After seeing the Broadway debut of Kenneth Lonergan’s 1996 black comedy, This Is Our Youth, I breathed a heavy sigh of relief, thankful that this was not my youth — although it could have been, since I’m the same age as two of the three characters and grew up in New York as well at the exact same time. It’s a lot funnier watching the antics onstage than having actually lived that life. It’s March 1982, and nineteen-year-old Warren Straub (Michael Cera) has arrived at the Upper West Side pad of his friend and drug dealer, twenty-one-year-old Dennis Ziegler (Kieran Culkin), with a suitcase stuffed with valuable collectible toys and records and fifteen grand in cash he stole from his abusive father. Dennis and Warren have an intense love-hate relationship, as the supposedly cool and calm dealer constantly insults his always nervous, twitchy buddy, who appears to suffer from ADHD and often thrusts his hands into his pockets to keep them from doing something strange as he tramps around the stage. “What kind of life do you lead?” Dennis says early on. “You live with your father — a psycho. . . . Nobody can stand to have you around because you’re such an annoying loudmouthed little creep, and now you’re like some kind of fugitive from justice? What is gonna happen to you, man?” Warren, who has a unique philosophical view of the world, replies, “What’s gonna happen to anybody? Who cares?” Dennis’s never-seen girlfriend, Valerie, and her friend, the fashionable Jessica Goldman (current It Girl Tavi Gevinson), are on their way over, so Dennis and Warren come up with a plan to lavish some of the stolen money — which Dennis insists Warren return to his father — on the two women, then make it back by reselling some coke. But nothing seems to go quite right for these two luckless losers.
Originally produced by the New Group in 1996 with Josh Hamilton as Dennis, Mark Ruffalo as Warren, and Missy Yager as Jessica (later versions have featured such young stars as Matt Damon, Jake Gyllenhaal, Hayden Christensen, Freddie Prinze Jr., Anna Paquin, Summer Phoenix, Heather Burns, and Alison Lohman), This Is Our Youth is a searing comic portrait of three college-age kids trying to find their place in a not-so-warm-and-cozy world. Culkin (subUrbia, Lonergan’s The Starry Messenger) plays the sleazy but lovable Dennis with broad strokes, channeling Robert Downey Jr. from Less Than Zero; in fact, This Is Our Youth is sort of an extremely stripped-down, more low rent East Coast version of the 1987 film based on Bret Easton Ellis’s bestselling novel, with smart, razor-sharp, free-wheeling dialogue from Lonergan (The Waverly Gallery, You Can Count on Me). Gevinson, the teen powerhouse behind Rookie magazine, starts off a bit mannered before settling into her character, an FIT student who is (wisely) suspicious of Warren and is the only one of the three who actually cares about her family. But Cera steals the show in a bravura performance as the unpredictable Warren, imbuing him with a fidgety apprehension and a tense, jittery anxiety that is mesmerizing. He’s so wound up, it’s nearly impossible for anyone to have a conversation with him. “So how you doing, Jessica?” he asks when she shows up at Dennis’s apartment. “You’re looking very automated tonight,” to which Jessica replies, “What the fuck is that supposed to mean?” Anna D. Shapiro (Domesticated, August: Osage County) directs this Steppenwolf production with a controlled recklessness where anything can happen on Todd Rosenthal’s (Of Mice and Men, Who’s Afraid of Virginia Woolf?) spectacular set, a walk-up studio surrounded by an apartment complex so realistic you’ll wonder why you’ve never noticed it in the Theater District before. Letting out another sigh of relief, I can again confirm that I am intensely glad to have experienced This Is Our Youth as an onstage drama instead of ever having to live this crazy kind of life myself.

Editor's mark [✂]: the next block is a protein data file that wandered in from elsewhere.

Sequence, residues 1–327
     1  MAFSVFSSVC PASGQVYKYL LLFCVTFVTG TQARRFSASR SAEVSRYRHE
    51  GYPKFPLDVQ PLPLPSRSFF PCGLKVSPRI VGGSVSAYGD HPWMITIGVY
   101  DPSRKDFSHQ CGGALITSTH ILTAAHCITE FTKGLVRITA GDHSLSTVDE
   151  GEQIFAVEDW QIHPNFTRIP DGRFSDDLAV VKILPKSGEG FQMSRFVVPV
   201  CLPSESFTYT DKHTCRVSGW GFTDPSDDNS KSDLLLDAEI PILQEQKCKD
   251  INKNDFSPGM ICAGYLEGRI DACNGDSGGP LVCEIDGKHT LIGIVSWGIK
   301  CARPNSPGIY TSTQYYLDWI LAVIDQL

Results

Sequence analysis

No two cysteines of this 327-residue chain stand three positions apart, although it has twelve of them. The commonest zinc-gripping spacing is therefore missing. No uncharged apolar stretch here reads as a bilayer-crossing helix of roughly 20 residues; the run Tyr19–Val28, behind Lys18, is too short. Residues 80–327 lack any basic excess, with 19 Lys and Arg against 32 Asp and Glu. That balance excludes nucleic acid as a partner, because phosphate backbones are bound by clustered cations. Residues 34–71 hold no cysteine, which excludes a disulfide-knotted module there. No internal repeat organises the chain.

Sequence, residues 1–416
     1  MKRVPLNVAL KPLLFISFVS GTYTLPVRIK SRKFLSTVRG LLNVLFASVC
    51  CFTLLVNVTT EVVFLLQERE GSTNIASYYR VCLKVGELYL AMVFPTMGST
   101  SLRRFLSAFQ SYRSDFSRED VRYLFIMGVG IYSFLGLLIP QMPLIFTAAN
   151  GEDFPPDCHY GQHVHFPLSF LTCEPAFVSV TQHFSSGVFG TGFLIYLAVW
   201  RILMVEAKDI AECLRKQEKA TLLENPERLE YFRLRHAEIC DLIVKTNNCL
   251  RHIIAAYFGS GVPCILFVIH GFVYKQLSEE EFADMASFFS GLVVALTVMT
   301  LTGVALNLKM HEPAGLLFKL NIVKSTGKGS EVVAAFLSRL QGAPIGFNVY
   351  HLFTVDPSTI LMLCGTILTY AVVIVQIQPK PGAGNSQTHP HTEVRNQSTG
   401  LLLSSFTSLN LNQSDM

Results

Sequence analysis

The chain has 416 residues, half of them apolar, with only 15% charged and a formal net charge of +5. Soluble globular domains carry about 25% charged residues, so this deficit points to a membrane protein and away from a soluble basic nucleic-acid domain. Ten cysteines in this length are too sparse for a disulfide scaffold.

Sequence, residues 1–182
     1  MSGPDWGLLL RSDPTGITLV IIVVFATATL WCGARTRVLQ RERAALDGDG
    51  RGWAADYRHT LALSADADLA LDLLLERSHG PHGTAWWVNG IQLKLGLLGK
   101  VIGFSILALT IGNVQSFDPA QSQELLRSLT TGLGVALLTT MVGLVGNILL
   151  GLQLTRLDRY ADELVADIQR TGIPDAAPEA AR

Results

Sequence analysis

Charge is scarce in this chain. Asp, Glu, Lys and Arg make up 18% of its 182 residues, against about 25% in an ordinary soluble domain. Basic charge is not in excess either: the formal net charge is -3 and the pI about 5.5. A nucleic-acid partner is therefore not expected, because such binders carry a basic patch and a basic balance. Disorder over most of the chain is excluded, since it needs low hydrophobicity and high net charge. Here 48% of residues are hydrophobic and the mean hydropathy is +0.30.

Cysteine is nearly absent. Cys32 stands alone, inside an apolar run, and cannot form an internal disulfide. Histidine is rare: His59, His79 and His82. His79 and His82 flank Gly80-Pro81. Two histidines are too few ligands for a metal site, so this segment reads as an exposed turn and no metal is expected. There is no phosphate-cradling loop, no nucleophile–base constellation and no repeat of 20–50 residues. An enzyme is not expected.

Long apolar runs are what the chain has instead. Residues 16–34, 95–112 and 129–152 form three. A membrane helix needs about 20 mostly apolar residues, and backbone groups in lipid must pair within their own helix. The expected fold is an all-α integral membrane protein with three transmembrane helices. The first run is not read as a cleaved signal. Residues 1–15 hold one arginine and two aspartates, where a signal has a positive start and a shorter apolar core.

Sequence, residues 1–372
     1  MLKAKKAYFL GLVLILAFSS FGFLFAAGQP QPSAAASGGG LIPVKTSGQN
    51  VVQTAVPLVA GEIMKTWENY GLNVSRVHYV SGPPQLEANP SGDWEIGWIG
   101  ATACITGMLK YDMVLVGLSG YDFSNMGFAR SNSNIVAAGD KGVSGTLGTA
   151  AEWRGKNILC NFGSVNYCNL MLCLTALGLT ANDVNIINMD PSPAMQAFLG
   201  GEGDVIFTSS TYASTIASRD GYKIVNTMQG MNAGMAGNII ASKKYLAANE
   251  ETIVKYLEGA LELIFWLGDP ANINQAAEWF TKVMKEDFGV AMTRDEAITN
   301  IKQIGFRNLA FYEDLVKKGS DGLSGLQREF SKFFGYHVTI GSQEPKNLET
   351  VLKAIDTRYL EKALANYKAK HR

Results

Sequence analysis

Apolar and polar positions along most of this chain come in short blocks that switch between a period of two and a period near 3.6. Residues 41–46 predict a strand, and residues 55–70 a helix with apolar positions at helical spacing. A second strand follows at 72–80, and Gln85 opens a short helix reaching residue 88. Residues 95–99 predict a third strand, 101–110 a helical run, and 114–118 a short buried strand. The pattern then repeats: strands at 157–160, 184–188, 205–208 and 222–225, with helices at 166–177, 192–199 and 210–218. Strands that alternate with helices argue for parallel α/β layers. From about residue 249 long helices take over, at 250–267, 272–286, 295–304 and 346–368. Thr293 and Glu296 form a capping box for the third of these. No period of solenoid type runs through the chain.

DAVE CHAPPELLE’S BLOCK PARTY (Michel Gondry, 2006)
BAMcinématek, BAM Rose Cinemas
30 Lafayette Ave. between Ashland Pl. & St. Felix St.
Saturday, September 20, $14, 9:45
Series runs September 19-20
In September 2004, comedian Dave Chappelle put on a surprise block party in Bedford-Stuyvesant, sort of a mini-Brooklyn version of Wattstax, Mel Stuart’s seminal L.A. concert film in which Richard Pryor teamed up with a host of black musicians, including Isaac Hayes, Albert King, the Staples Singers and Carla and Rufus Thomas. Directed by Michel Gondry (Eternal Sunshine of the Spotless Mind, The Science of Sleep) and photographed by Ellen Kuras (Neil Young: Heart of Gold, Blow) Block Party is Chappelle’s Wattstax for the twenty-first century. Gondry and Chappelle take viewers on a very funny trip as the comedian wanders around his hometown of Dayton, Ohio, handing out golden tickets like a black Willy Wonka, offering everyone free transportation to Brooklyn, loading buses up with a fascinating mix of people of all races. When he bumps into a college marching band, he invites them to play at the party, joining such big names as Kanye West, the reunited Fugees, Big Daddy Kane, Common, John Legend, the Roots, and Dead Prez. Gondry cuts between the preparation for the block party and the actual festivities, an infectious blend of music and comedy that makes you feel like you’re right in the middle of it all. Musical highlights include West performing “Jesus Walks” with Legend and Common, Jill Scott and Erykah Badu backing the Roots on “You Got Me,” and Talib Kweli, Common, and Fred Hampton Jr. rapping with Mos Def on “Umi Says.”
Unfortunately, the songs are not seen in their entirety, one of the film’s only drawbacks. Behind the scenes, Chappelle tickles the ivories to “Misty” and “Round Midnight,” hangs out with the bizarre white couple who live in the Broken Angel house across the street, and jokes around with Mos Def. The film avoids any overt political messages, although some of the songs deal with controversial topics. One of the sweetest moments is when Wyclef Jean plays “President” for the marching band, letting the members know they can be anything they want to be. Block Party is a shining, defining moment for Chappelle, who shortly after walked away from a $50 million Comedy Central contract, succumbing to the pressure of fame and expectation. Dave Chappelle’s Block Party is screening September 20 at 9:15 as part of BAMcinématek’s “The Source360” series, honoring the twenty-fifth anniversary of the influential magazine. The two-day festival also includes George Tillman Jr.’s Notorious, a biopic about Biggie Smalls; One9’s Time Is Illmatic, a documentary about Nas; The Man with the Iron Fists, followed by a Q&A with director and star RZA; and Peter Spirer’s Rhyme & Reason, which follows the history of rap music. In addition, Pass the Mic: Ladies First — A Night of Women Emcees, with Nitty Scott, Rajé Shwari, Roxanne Shanté, and Sweet Tee, takes place in the BAMcafé on September 19 and International Hip-Hop Night, with Amkoullel, Gokh Bi System, Rebel Diaz, Shokanti, AYoinmotion, and Bocafloja, hosted by Toni Blackman, is scheduled for September 20.